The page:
President Trump announced his support Wednesday for a historic criminal justice reform bill that proposes to loosen sentencing laws and boost rehabilitation efforts.
Speaking in the Roosevelt Room at the White House, Trump praised the so-called “First Step Act” as a “reasonable” concession that gives “former inmates a second chance at life” while keeping “violent criminals off our streets.”
“Today’s announcement shows that true bipartisanship is possible," said Trump, striking an unusually conciliatory tone. “This is a big breakthrough for a lot of people. They’ve been talking about this for many, many years.”
If the Senate passes it, the legislation will mark the first major overhaul of U.S. criminal justice laws since 1994, when former President Bill Clinton signed some sentencing reform into law.
The latest measure will nullify some mandatory sentencing recommendations and give judges more discretion while sentencing nonviolent offenders, particularly drug offenders.
Trump’s endorsement of the bill comes days after he forced Jeff Sessions to resign as attorney general.
Sessions, a hard-line law and order conservative from Alabama, was vehemently opposed to any type of criminal justice reform.
Jared Kushner, on the other hand, is a big proponent of the bill and has spent several months working on it.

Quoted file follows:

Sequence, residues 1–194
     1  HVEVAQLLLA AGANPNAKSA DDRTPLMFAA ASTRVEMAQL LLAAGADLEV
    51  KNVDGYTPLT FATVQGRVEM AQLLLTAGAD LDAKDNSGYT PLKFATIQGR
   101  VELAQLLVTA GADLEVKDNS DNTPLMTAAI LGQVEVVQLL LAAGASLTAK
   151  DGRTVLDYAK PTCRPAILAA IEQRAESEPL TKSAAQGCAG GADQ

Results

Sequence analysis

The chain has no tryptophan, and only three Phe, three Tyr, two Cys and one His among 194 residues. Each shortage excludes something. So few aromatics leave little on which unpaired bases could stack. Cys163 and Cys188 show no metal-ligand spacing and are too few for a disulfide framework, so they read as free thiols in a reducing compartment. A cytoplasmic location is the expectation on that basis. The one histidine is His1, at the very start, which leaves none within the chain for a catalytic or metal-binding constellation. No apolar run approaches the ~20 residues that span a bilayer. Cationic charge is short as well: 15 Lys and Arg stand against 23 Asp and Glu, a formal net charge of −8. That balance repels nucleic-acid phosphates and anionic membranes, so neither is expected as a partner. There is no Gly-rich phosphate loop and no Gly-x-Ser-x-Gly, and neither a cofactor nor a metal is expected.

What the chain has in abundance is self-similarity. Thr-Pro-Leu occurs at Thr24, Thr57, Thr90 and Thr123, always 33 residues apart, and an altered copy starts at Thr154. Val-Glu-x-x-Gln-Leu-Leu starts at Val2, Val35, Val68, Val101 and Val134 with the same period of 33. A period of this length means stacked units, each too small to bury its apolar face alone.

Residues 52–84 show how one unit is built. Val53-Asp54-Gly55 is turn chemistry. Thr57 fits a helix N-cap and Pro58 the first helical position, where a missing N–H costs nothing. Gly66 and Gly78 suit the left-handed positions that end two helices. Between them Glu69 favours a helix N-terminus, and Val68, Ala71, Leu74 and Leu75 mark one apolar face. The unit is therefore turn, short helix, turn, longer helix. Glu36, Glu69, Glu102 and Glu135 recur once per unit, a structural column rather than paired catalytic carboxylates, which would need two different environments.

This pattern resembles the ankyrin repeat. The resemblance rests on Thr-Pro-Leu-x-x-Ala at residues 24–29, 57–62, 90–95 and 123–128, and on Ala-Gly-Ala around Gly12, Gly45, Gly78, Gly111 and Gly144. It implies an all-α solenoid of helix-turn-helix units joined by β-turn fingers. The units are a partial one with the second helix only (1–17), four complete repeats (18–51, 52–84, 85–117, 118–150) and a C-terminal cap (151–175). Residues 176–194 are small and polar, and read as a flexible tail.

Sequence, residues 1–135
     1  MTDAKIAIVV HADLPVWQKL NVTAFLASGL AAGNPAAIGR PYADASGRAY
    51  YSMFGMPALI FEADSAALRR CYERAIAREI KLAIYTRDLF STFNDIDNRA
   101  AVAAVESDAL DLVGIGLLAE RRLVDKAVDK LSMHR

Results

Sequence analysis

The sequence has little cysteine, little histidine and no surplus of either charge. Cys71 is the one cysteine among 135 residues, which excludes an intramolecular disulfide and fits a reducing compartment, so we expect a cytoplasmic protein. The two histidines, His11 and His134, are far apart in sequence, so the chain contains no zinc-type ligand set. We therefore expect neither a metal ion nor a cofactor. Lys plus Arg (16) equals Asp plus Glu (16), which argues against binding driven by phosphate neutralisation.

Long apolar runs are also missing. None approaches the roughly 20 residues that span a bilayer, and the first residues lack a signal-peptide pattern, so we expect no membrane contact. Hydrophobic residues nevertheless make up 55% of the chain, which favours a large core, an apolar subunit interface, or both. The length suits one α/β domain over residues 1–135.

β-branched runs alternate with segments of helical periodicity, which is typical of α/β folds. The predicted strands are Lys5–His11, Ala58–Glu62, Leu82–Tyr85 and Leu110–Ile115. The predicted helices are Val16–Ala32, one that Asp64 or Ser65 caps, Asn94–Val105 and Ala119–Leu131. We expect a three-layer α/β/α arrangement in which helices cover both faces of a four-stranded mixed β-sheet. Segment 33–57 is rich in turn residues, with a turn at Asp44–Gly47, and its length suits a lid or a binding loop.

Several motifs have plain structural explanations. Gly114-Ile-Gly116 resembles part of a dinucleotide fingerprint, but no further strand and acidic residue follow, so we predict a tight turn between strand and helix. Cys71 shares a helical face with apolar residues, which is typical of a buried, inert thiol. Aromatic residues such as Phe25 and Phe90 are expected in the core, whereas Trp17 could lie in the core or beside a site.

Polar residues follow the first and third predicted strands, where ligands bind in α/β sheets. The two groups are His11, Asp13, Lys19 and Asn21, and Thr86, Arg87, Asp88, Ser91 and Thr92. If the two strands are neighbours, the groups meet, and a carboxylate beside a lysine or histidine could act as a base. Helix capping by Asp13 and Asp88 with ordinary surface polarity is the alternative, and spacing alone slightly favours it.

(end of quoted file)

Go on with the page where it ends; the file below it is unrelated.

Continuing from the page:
The House passed the criminal justice reform package this spring and Trump called for the Senate to swiftly take it up so he can sign it into law.
“I’ll be waiting with a pen,” Trump said.
However, Senate Majority Leader Mitch McConnell (R-Ky.) was cautiously optimistic about the bill, declining to definitively say that he will bring it to the floor.
Instead, McConnell said GOP leaders will do a party roll call to gauge support for the bill once they have a final proposal on the table.
McConnell also claimed Congress has several other priorities before the year is over, including passing government funding and a farm bill.
“We don’t have a whole lot of time left, but the first step is to finalize what proponents are actually for,” McConnell told reporters. “There have been a lot of different versions floating around. And then we’ll whip it and see where the vote count is and then see how it stacks up against our other priorities going on here to the end of the session.”
The bill has received the backing of an unusual coalition of progressive and conservative groups, including the American Civil Liberties Union and groups backed by right-wing mega donors Charles and David Koch.
The federal inmate population has been on the decline since 2013, when it peaked at just more than 219,000. The total now stands at about 181,400, according to the Federal Bureau of Prisons. Still, that's about triple the number of inmates in federal detention 30 years ago.
With News Wire Services